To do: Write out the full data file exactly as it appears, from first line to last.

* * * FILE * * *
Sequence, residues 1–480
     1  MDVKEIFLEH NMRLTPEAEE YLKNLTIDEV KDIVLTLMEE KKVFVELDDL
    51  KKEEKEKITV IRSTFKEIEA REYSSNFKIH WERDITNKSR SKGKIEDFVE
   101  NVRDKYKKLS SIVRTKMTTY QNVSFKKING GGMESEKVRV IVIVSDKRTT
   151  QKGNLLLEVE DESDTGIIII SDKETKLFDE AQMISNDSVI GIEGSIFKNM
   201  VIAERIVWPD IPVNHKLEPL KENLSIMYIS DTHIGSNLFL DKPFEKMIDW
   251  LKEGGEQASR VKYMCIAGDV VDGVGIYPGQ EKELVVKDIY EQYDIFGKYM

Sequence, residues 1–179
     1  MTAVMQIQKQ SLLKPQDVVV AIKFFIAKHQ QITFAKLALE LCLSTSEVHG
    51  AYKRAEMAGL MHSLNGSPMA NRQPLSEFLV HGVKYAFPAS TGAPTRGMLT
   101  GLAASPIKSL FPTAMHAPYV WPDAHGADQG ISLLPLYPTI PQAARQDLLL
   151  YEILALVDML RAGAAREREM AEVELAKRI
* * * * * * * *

Sequence, residues 1–480
     1  MDVKEIFLEH NMRLTPEAEE YLKNLTIDEV KDIVLTLMEE KKVFVELDDL
    51  KKEEKEKITV IRSTFKEIEA REYSSNFKIH WERDITNKSR SKGKIEDFVE
   101  NVRDKYKKLS SIVRTKMTTY QNVSFKKING GGMESEKVRV IVIVSDKRTT
   151  QKGNLLLEVE DESDTGIIII SDKETKLFDE AQMISNDSVI GIEGSIFKNM
   201  VIAERIVWPD IPVNHKLEPL KENLSIMYIS DTHIGSNLFL DKPFEKMIDW
   251  LKEGGEQASR VKYMCIAGDV VDGVGIYPGQ EKELVVKDIY EQYDIFGKYM

Sequence, residues 1–179
     1  MTAVMQIQKQ SLLKPQDVVV AIKFFIAKHQ QITFAKLALE LCLSTSEVHG
    51  AYKRAEMAGL MHSLNGSPMA NRQPLSEFLV HGVKYAFPAS TGAPTRGMLT
   101  GLAASPIKSL FPTAMHAPYV WPDAHGADQG ISLLPLYPTI PQAARQDLLL
   151  YEILALVDML RAGAAREREM AEVELAKRI